The Thrill That Kills: “Cocaine Bear” has audiences dying of laughter and suspense


"Cocaine Bear" Creators

“Cocaine Bear” still from the movie

Madelyn Woodard, Opinion Editor

“Cocaine Bear” is Rated “R” for violence, mature language and drug use

There are a lot of words that could be used to describe Elizabeth Banks’ new masterpiece “Cocaine Bear,” but boring is not one. This movie was a rollercoaster from start to finish and throughout it I was either on the edge of my seat, eyes wide in suspense or thrown back in my chair cackling.
The basic plot is simple and summed up rather eloquently in the title of the film: “Cocaine Bear.” When a black bear in the mountains of Georgia stumbles upon a bunch of coke from a drug drop gone wrong, she proceeds to terrorize cops, children, park rangers, drug dealers and wannabe thugs on a coked-out rampage. As wild as this premise may be, it is very loosely based on a true story from 1985, when a Tennessee black bear consumed 35 pounds of cocaine and died shortly after. Banks made the movie as a way to honor the bear, which sounds odd, but by the end of the film, it makes sense.
“Cocaine Bear” had me giggling from the very start as the movie opens with a man rocking out while throwing duffle bags of coke out of the side of an airplane. What’s truly impressive, though, is that the cast was able to keep that same momentum going through the entire movie. There was not a single joke that didn’t land, and there were more than a few that I found far funnier than the writers probably intended.
Without a doubt, my favorite character in “Cocaine Bear” is Henry, played by the phenomenal Christian Convery. His character’s lines are unexpectedly mature and his delivery makes them all the better. In such a terrifying situation, what else is a child supposed to do but use it as an excuse to cuss? At only 12-years-old, Convery has already made a name for himself as the leading role in the Netflix Original “Sweet Tooth.” The late Ray Liotta, best known for his roles in “Field of Dreams” and “Goodfellas,” is also featured as the wonderfully hateable father/head drug dealer, Syd. Another exceptional addition to the cast is Margo Martindale as herself, because if anyone knows how to commit to a bit, it’s her.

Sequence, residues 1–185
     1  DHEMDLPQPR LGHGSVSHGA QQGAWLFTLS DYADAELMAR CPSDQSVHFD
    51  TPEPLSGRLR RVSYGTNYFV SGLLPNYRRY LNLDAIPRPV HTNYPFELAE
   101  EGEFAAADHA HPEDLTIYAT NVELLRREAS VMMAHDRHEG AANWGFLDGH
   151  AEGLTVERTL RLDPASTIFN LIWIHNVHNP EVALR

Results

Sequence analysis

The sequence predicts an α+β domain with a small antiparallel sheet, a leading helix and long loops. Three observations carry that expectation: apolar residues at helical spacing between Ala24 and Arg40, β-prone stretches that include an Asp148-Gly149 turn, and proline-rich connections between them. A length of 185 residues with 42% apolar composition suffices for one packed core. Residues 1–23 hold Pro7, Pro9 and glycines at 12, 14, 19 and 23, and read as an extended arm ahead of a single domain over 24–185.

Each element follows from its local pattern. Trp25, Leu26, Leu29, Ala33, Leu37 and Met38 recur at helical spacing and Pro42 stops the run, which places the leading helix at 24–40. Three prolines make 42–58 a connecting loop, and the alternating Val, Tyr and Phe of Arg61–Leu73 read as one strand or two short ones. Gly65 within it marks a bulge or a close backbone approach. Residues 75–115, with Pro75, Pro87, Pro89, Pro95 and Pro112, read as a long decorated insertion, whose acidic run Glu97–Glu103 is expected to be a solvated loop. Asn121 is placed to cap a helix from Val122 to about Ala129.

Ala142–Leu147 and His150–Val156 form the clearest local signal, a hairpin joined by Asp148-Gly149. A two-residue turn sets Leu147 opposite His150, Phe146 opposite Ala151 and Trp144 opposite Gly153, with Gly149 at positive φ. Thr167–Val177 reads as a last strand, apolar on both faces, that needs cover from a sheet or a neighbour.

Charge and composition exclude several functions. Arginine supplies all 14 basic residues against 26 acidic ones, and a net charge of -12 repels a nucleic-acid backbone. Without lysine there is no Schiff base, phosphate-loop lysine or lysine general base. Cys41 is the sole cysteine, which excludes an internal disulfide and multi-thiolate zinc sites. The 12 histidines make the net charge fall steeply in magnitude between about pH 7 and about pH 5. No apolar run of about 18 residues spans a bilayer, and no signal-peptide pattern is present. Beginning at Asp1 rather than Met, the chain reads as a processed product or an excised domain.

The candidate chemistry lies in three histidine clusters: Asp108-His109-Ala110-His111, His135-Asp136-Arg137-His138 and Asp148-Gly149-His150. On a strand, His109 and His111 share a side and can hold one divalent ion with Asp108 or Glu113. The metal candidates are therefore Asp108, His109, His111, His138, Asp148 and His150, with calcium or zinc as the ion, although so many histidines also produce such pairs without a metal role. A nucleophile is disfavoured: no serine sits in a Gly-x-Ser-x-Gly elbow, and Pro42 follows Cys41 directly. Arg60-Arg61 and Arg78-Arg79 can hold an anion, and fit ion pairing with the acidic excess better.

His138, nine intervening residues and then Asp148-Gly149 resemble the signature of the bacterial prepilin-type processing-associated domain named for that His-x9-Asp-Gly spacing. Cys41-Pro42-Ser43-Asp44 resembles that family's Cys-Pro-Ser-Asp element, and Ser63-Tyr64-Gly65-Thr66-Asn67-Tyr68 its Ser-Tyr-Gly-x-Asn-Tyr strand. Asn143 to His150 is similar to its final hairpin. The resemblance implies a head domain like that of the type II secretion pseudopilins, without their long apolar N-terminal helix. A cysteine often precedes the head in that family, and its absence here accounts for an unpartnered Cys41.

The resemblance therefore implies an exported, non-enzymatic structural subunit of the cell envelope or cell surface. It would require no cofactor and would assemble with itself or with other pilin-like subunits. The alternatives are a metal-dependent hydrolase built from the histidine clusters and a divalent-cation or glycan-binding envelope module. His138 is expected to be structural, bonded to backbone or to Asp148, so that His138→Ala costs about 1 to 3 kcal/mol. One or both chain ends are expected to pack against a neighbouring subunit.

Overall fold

As excited as I was for “Cocaine Bear,” I never really expected it to live up to the hype that its preposterous concept created. With the film receiving so much attention on social media, I was certain that we were setting the movie up for failure. Now that I’ve seen it, I can gleefully admit that I was wrong. The actors gave it their all and dove head first into the kooky plot. Aside from the comedy though, what really sells the movie is the music. I mean, come on. “I Just Can’t Get Enough” by Depeche Mode playing as a bear with a coke problem chases down an ambulance? Sheer perfection.
Oddly enough, the most surprising aspect of this movie for me was not on-screen, but behind the camera: actress and director Elizabeth Banks. That’s right, the director responsible for the brilliant shots in this movie is the same woman who plays Effie in “The Hunger Games” and Gail Abernathy-McKadden in the “Pitch Perfect” series. I was beyond shocked because I hadn’t heard her name in quite some time, but after her incredible work on “Cocaine Bear,” I couldn’t be more excited for her next project, whatever it may be.
What I thought would be a one time, mediocre but silly watch turned out to be nothing short of a magnificent testimony to how intoxicating a movie can be if you just let it be fun. “Cocaine Bear” is a success story because the creators didn’t take it too seriously; they recognized that not every movie has to have a profound message. Gore doesn’t have to be dark, thrillers don’t have to make you more frightened of the world and most importantly, a bear on cocaine is cause for uproarious laughter.